Leichhardt Council v Seatainer Terminals (1976) 24 The Valuer
500 the Supreme Court of NSW was another case where the court had the
opportunity to use a method of valuation other than direct comparison
of sales with opportunity cost adjustments. Again, the Court chose
the more reliable sale evidence.
land in question was raw land below the high water mark at Glebe
Island and vested in the MSB by statute. The site was improved into a
modern container terminal at great cost. Leichhardt Council appealed
against the valuation of the site for property tax purposes on the
basis that the site should have been valued by the "cost method"
rather than the one adopted in the Land and Valuation Court; the use
of a sale of industrial land with no water frontage at Botany Bay
(the other side of Sydney).
problem was that there were no sales of comparable lands available
and it was basically a unique site. That was the reason that the cost
approach was adopted by the lower court. Moffit J argued that the
process of judicial decision is founded on reasoning based on facts
which includes experience. This is the same for valuations:
or opinion so based if directed to deciding what an amount is, could
equally be x, 2x or 5x.
J used a sale at Botany Bay of industrial land with no water
frontage in area not developed industrially to the same degree as the
subject site. Therefore, the sale required extremely large
adjustments to make it comparable to the subject site. The difference
was arrived at by adjustment based on a sale in a highly
industrialised area and having some water frontage but quite
different in type, access location to the subject site. Then, a
further adjustment was made to allow for the deep water frontage of
the subject site. Both adjustments were substantial:
Initial price: $350 000/ha
Adjusted by reference to the second sale to about $600 000/ha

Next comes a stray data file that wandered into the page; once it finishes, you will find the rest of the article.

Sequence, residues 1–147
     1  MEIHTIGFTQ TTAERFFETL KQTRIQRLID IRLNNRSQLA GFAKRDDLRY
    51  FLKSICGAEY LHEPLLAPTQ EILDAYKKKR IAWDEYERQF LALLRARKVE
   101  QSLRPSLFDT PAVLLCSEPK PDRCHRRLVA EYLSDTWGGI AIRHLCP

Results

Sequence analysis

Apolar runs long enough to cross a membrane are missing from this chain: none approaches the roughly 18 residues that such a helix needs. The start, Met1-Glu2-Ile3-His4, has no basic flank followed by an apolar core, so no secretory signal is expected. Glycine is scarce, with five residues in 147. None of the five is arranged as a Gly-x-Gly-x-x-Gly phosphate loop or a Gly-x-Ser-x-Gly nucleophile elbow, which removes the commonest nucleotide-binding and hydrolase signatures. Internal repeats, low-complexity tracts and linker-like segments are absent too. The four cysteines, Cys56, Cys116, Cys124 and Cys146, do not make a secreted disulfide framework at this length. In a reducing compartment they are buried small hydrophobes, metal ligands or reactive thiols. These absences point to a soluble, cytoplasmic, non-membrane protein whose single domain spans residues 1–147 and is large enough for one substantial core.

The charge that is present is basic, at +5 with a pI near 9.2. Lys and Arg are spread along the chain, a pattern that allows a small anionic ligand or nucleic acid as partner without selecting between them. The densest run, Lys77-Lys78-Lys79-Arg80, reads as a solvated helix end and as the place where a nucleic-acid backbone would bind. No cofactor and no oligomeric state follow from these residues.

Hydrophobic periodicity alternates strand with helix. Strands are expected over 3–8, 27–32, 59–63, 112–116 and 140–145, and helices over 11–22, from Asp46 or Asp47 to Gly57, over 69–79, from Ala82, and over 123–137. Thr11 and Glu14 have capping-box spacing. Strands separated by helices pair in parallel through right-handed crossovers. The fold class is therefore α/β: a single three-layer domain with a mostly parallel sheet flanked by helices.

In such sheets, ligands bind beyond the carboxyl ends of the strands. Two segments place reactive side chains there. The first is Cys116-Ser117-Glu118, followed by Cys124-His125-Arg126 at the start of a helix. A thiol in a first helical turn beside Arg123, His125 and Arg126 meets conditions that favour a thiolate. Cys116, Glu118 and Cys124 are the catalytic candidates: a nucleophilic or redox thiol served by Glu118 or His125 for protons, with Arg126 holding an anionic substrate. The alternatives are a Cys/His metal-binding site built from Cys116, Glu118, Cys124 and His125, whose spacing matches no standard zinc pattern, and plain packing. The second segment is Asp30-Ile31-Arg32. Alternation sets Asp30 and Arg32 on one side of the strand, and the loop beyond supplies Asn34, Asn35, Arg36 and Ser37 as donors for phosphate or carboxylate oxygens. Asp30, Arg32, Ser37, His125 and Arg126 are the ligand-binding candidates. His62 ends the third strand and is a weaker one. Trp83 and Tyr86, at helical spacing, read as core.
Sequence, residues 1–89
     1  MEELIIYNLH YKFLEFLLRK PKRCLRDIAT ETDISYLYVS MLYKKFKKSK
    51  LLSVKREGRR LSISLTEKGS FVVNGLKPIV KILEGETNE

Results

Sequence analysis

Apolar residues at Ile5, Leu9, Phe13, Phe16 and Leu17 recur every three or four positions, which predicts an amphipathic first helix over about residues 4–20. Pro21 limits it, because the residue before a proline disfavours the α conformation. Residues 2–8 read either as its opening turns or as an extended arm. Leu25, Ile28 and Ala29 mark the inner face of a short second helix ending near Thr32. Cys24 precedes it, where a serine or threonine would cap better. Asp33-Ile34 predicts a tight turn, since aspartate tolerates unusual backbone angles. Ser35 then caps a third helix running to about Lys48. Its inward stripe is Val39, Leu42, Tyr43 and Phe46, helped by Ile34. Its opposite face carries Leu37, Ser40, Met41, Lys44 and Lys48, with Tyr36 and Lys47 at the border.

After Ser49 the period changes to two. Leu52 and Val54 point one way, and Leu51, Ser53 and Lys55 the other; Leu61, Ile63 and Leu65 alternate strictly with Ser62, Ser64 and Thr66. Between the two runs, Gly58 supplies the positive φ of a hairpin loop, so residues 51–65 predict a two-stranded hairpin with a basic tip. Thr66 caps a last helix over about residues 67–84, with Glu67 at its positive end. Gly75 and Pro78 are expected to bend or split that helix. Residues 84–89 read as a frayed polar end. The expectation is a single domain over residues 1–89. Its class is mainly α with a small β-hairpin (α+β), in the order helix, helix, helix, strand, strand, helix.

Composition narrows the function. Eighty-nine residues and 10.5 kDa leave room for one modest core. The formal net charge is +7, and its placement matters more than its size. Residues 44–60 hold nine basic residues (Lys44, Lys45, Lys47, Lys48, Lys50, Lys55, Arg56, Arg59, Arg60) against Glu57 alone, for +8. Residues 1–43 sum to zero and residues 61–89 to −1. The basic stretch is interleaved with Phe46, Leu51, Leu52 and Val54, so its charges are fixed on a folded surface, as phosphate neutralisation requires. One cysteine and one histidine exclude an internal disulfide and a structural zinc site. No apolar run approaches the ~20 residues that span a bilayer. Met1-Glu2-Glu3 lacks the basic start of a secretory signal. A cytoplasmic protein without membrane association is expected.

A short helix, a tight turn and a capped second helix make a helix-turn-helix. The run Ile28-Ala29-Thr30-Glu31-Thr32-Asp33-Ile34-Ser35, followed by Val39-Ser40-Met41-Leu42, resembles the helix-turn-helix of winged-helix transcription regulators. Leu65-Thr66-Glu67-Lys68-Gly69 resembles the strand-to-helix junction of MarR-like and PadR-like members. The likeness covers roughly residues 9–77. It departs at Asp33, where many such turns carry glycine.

To this was added $100 000 and $120 000/ha respectively (the site
was treated as two separate parcels of land) to allow for the deep
final adjusted figure was about twice the initial sum. In valuation
practice it is hard to imagine such a sale as being "comparable".
Why did the court reject the cost method despite the dearth of sale
can only argue that there should have been resort to the cost method
if, as a matter of law, for example the absence of evidence, the
other methods were unavailable.
honour went further arguing that the cost method involved the making
of a judgment or an adjustment which is arbitrary in that it lacks
support from any experience such as sales experience. the cost method
must be subject to a judgment being made as to whether the price will
bring to account cost or less than cost. It is difficult to determine
the requisite discount on the actual cost particularly in the absence
of sales evidence. Therefore, expressly and impliedly he has singled
out two problems with the cost method:
Cost is only a reliable method for the valuation of buildings if
those buildings represent the highest and best use of the site - Horn
v Sunderland Corp.
If the buildings are the highest and best use then the accrued
depreciation can only be reliably determined from comparable sales.
This is a circular argument as if there are comparable sales then
there is no need for the cost method and direct comparison can be
J in the same judgment agreed with Moffit J. Concerning the
unable to put these sales aside as being irrelevant or slightly
relevant so that they should not be considered; and that view is only
emphasized when an experienced valuer has currently applied his
judgment to appropriate adjustments for the valuation of the subject
THE SEATAINER CASE
interesting thing about the Seatainer case is that it
underlines the fact that there is no such thing as a lack of sales
evidence. If the courts are prepared to accept a non comparable sale
on the other side of the city requiring two adjustments to bring into
line, then there can be no situation where there are no sales